When you get in they have managed to squeeze a security scanner,    reception desk and a queue of about one hundred people into a space the size of our downstairs toilet.  Once through, you must go up to the second floor clutching your number tightly in your sweaty hand.  I'm a number not a name evidently.  Not in the lift as a burly guard protects it from anyone foolish enough to want to save their legs.  Once on the second floor there is a waiting area.  There is one seat that is placed to allow you to see the electronic sign which lets you know when your number has been called.  Everyone else has to keep jumping up to check.  Your 10.45 appointment will roll around at about 10.45.  However you are not allowed to wait, from out the back because from out the back comes a fearsome lady and her henchman who will call a series of numbers.  Dutifully the people who hold these numbers stand up and are told to line up against the wall for ten to fifteen minutes before another disembodied voice calls them to a counter.  Once there, the clerk doesn't look at the applicant in the eye once...a brief glance just to check the photo bears more than a passing resemblance to the person standing in front of them.  Your form is stamped and you are then sent to stand in another queue to pay.  In a row of more than a dozen counters, just one is occupied by a cashier.

And as you leave, you can glance to your right and catch this sight:

The Passport and Identity Service is indeed "Out of Order"

Tuesday 7 August 2012

On the Fringe

It's hardly surprising after all the terrible things I've said about the Scots and Scotland that just as we departed for the wee Bonnie lands I went down with a heavy cold which got worse and worse the longer we stayed north of Hadrian's Wall.  A heaving cough even allowed the tour guide at Mary King's Close to remark that the plague seemed to have returned after an absence of 350 years.

Visiting the underground slums of Edinburgh had not been the main focus of our visit, of course.  We were up there to see The Cat and The Boy do their stuff on a public stage.  We found the venue easily was buried deeply in Edinburgh's popular red light district.  A nice place to find your children, especially when they're in the care of teachers who still look as though they're at Primary school.  The performance was  superb...of course it was, and they played to a half-full house, which evidently is a real achievement when the Fringe's average audience is just 4, I'm told!  Anyway, we and they were pleased as punch.  I still can't get over how amazing it is for them...I hope it's an experience they will treasure for ever...I'm sure they will.

We took the opportunity to see a few other things as well...The Pajama Boys who were only half as good as when we last saw them, Marcus Brigstock's morning show which was topical and raised a few laughs, Shirley and Shirley who were just as funny as when we last saw them, Tim someone who tried to raise a laugh out of science theory (the others laughed, I sat there stony faced), Iszy, a bisexual comedienne who managed to spin 30 minutes material out to an hour, Bill Clinton The Musical which was very good indeed, although somewhat late to market and The Agony and Ecstasy of Steve Jobs after which neither I nor you should ever touch an Apple product.  I think there may have been some more, but it became a bit a a blur.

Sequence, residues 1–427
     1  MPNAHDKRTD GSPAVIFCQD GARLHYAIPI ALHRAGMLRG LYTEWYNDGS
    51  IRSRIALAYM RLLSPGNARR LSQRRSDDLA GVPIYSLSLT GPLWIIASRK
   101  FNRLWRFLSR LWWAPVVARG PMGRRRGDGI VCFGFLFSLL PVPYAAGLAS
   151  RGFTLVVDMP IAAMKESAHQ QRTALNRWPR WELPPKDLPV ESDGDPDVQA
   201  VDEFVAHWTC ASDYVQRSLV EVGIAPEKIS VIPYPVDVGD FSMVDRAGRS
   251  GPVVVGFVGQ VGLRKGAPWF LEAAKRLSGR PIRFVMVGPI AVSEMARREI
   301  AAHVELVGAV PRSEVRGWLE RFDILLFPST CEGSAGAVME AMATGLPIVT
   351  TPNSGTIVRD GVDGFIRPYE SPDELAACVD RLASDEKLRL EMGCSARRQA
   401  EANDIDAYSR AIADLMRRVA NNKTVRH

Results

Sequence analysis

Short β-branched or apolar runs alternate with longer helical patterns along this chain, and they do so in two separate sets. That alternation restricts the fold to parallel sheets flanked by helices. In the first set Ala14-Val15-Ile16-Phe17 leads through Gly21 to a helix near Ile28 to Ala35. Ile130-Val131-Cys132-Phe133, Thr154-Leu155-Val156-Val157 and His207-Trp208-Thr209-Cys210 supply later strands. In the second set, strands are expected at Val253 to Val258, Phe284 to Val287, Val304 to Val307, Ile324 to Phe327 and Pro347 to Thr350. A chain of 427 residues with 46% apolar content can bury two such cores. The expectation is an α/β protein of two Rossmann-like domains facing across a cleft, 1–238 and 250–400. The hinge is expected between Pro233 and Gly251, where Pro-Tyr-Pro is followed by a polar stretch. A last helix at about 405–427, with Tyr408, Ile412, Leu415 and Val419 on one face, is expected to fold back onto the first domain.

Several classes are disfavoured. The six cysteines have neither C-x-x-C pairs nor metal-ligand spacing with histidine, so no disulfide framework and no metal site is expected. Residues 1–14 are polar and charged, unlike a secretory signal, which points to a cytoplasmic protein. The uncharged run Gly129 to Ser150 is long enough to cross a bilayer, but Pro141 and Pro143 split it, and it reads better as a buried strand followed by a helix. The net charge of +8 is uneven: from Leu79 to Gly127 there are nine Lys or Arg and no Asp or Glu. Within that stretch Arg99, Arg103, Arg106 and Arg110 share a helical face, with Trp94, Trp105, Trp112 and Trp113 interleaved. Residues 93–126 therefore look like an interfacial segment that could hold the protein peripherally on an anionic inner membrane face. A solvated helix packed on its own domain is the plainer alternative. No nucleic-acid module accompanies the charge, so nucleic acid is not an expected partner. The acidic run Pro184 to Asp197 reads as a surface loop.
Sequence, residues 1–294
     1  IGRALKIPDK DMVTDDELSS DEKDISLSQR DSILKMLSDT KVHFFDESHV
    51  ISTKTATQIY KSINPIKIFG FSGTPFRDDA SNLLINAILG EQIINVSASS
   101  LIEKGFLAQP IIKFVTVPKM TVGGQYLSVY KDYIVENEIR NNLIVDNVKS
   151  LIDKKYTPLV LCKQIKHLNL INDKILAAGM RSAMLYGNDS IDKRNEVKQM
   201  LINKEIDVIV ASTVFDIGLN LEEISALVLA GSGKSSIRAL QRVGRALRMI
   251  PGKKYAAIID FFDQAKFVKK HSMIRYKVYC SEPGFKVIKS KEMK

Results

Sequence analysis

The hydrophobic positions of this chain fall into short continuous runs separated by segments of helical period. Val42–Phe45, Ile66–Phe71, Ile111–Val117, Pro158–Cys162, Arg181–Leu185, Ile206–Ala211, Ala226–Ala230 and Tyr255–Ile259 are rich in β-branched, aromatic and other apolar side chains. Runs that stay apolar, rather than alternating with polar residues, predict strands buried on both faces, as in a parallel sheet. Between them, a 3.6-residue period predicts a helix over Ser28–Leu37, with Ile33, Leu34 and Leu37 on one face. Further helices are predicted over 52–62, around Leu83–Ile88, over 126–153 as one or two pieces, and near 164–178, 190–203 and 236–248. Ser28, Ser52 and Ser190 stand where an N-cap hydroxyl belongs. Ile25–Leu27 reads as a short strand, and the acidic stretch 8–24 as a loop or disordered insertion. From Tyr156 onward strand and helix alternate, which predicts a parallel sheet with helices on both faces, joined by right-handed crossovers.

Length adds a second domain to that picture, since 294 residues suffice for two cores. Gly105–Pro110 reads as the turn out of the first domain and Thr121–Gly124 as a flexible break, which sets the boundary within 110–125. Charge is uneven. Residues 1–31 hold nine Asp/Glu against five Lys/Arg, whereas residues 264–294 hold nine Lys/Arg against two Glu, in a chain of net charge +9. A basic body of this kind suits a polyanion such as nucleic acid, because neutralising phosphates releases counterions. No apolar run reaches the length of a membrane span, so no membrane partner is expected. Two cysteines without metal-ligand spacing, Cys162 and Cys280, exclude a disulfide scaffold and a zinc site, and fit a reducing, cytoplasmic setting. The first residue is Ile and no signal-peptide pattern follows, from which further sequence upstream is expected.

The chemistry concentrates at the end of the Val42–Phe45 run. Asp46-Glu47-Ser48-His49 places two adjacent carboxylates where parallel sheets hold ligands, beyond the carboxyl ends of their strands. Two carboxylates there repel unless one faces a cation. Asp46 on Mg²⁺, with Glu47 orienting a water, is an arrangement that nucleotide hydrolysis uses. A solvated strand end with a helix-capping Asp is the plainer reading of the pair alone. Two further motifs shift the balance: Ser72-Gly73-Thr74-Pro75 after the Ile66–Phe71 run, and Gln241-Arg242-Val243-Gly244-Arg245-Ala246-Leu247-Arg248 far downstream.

Not a purple penis..The Udderbelly

As for Edinburgh itself, I had forgotten just what a remarkable city it is.  Beautiful, grand, solid.  The Scots are very lucky to have it.  This was the first time I'd been there for 25 years and I'm sure it hadn't changed much, but I can't quite remember.

There were some odd moments

UP was harangued by a Scottish man when he tried to leave a lift ahead of the women, even though nobody else could move until he did

A very dour man moaned as we tried to get a photo of the cafe where JK Rowling penned some of Harry Potter...he scowled when we explained what we were doing and tried to tell us we were at the wrong cafe...Google was later to prove him wrong...I hope his young daughter on his shoulders is not infected by his miserableness....

We were delighted to spot the golden post box, painted in honour of Chris Hoy's cycling win, but generally and indeed genuinely perplexed by how disinterested the local population seemed to be in the Olympics even when their local heroes were picking up medals.  Not a smile, not even a slight cheer, not a jump of enthusiasm.  Bizarre, really bizarre.

At least when we were in a somewhat sophisticated restaurant during Super Saturday nobody asked us to be quiet as Britain picked up one medal after another

So we're back..The Cat and The Boy will return at the end of the week.  In the meantime, this morning I managed to get tickets for the Stadium tomorrow night...we can't wait!

Picture Daily 76

I've written a proper post...honest I have, it's just that the pictures for that are all at home....expect it to appear around eight or nine tonight.  In the meantime here's a's The Boy, he's magnifique!